The majority of us out there have very little understanding of what a Protein is…let alone why we need them. We all hear about the high protein diets, the importance of protein post work out, and the benefits of protein when it comes our health but we really don’t fully understand the role that this macronutrient plays within our bodies.
What is Protein?
Protein is by far the most important macronutrient you can eat, and is present in almost every inch of your body – from your hair, to your skin, your eye balls right down to your toe nails. Protein is a combination of many amino acids, which are building blocks for all bodily functions. In all, there are twenty-two different amino acids and of those, only eight are known as “essential”, meaning your body cannot produce them, which means you need to get them through the foods that you eat (the rest are produced by your body).
Why is Protein so important?
Protein builds the framework of your body, including muscles, organs, bones, and connective tissues. In the form of enzymes, it assist the body with the digestion of food. As a hormone, it lets your body know when to use food as energy and when to store food as fat. As and antibody, it protects you from illness when bacteria and viruses attack, and it assist with the transport of oxygen through you blood to all your organs and muscles. Protein is also key to any weight loss program, foods that are high in protein require a lot more energy (Calories) for digestion, so in essence you are increasing the number of calories you burn the minute that protein is inside your stomach! Protein is also key in the building a repair of muscle tissue post work out, and the greater you lean muscle mass the more calories you are burning at rest!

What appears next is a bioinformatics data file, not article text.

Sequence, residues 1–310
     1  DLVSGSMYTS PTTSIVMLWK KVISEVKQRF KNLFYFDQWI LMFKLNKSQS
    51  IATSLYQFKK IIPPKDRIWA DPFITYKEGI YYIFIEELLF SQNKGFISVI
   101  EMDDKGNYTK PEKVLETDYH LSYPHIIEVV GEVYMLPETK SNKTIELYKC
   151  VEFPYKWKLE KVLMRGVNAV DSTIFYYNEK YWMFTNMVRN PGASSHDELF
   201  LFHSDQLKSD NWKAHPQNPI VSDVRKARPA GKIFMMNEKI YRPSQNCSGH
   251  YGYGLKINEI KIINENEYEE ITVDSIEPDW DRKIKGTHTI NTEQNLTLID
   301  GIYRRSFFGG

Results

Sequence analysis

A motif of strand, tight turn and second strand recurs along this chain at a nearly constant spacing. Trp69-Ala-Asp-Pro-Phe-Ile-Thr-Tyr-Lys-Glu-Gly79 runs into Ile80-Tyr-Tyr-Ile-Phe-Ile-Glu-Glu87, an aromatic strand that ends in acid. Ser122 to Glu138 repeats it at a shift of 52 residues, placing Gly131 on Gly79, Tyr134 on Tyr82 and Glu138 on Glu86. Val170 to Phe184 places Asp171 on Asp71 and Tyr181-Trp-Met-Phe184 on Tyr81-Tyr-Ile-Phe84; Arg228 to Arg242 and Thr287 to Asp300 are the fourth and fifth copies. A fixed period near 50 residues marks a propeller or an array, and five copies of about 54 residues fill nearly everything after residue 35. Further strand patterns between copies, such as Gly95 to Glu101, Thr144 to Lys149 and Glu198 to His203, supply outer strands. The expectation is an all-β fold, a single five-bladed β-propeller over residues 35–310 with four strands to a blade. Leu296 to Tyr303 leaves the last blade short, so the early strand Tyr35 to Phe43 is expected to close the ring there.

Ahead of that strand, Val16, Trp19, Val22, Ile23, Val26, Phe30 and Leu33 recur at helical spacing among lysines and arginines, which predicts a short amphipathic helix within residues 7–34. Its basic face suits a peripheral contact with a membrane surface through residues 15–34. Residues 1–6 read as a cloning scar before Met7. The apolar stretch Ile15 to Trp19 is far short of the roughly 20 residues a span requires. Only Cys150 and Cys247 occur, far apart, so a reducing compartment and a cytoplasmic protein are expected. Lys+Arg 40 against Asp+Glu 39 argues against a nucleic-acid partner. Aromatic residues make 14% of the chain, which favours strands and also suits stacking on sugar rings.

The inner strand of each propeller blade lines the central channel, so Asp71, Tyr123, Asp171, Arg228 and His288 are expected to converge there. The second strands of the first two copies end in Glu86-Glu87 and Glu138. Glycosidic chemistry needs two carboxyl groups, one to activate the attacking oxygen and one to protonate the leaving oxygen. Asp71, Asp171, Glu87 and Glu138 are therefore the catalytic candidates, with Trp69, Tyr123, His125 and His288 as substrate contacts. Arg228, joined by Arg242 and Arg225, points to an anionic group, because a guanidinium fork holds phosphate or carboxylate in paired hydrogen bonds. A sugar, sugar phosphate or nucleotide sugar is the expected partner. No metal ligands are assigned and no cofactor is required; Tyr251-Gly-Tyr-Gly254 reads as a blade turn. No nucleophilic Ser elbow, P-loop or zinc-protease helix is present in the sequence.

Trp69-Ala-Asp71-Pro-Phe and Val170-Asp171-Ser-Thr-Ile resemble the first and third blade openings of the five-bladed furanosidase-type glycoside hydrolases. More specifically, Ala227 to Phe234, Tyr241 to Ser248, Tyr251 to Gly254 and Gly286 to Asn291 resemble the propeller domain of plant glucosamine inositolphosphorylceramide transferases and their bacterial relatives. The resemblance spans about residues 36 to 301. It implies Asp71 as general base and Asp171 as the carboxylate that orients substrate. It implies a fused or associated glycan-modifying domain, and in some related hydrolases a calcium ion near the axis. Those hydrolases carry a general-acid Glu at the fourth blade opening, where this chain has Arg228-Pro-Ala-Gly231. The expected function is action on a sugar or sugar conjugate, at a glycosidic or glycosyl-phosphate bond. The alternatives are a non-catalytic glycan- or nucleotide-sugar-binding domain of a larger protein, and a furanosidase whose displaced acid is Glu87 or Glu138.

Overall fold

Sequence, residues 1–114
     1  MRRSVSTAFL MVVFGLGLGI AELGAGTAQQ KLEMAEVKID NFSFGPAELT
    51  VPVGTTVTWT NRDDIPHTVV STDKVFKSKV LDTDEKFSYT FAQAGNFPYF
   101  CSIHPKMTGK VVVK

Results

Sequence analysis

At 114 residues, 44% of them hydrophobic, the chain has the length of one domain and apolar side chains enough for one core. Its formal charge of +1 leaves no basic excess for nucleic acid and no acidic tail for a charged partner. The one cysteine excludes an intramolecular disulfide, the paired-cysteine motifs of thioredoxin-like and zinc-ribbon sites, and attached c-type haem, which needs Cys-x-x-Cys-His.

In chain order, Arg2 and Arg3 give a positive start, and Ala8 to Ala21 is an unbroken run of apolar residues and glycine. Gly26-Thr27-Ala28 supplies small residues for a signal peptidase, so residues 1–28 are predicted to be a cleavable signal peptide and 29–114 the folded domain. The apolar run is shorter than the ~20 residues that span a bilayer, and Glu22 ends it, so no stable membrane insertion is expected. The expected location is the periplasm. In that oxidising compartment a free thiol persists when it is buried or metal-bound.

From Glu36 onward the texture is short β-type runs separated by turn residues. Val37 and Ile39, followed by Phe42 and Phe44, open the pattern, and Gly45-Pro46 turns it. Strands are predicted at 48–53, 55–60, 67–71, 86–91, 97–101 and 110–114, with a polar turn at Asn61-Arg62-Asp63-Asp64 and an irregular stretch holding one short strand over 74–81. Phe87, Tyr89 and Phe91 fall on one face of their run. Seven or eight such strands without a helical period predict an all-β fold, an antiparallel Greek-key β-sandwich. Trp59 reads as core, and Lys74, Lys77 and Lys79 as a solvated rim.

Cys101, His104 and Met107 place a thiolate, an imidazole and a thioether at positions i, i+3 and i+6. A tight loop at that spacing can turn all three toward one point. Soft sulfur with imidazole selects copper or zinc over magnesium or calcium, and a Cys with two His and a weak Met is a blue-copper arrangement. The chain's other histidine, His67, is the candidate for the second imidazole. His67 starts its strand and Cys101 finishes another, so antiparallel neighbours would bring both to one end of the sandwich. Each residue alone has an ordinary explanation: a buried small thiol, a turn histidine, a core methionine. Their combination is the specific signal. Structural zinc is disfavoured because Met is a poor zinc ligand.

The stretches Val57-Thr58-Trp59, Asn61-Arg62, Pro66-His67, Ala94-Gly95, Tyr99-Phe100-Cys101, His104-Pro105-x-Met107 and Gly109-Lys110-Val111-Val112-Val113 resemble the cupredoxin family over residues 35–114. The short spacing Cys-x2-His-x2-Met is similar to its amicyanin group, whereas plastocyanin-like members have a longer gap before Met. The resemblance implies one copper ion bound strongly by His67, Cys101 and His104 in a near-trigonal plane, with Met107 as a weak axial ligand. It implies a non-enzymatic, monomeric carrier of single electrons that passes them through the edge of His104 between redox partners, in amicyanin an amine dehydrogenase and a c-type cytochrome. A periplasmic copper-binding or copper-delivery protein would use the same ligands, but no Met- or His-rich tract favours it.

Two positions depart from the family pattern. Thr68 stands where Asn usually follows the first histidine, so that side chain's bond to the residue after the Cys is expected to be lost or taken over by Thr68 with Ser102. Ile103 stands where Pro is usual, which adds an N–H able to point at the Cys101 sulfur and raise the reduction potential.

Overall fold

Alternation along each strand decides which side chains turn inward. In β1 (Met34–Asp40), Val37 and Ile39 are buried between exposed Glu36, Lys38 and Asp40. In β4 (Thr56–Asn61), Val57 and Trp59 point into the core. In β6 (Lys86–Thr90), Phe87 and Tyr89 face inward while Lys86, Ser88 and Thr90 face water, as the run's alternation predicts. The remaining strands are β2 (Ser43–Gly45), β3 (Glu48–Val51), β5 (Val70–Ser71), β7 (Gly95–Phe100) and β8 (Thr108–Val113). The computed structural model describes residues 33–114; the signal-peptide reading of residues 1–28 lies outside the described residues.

A complete protein contains an adequate amount of all of the essential amino acids that are needed to build new proteins, which generally come from animal and fish products. A complete protein must not lack even one essential amino acid in order to be considered complete. Some examples of a complete protein include: Meat, Fish, Poultry, Cheese, Eggs, Yogurt, and Milk
An incomplete protein is any protein that lacks one or more essential amino acids in correct proportions. Some examples of an incomplete protein include: Beans, Grains, Nuts, Peas, Corn.
How will I know if I am getting enough protein?
The Institute of Medicine recommends that adults get a minimum of 0.8 grams of protein for every kilogram of body weight per day—that’s about 58 grams for a 160 pound adult, if you are very active or looking to increase your muscle mass it has been suggested to use a factor of 1.8 vs 0.8. The easiest way to ensure you are getting what your body needs is to ensure you are getting a minimum of 25g of complete protein in every meal…it’s really not that hard I promise!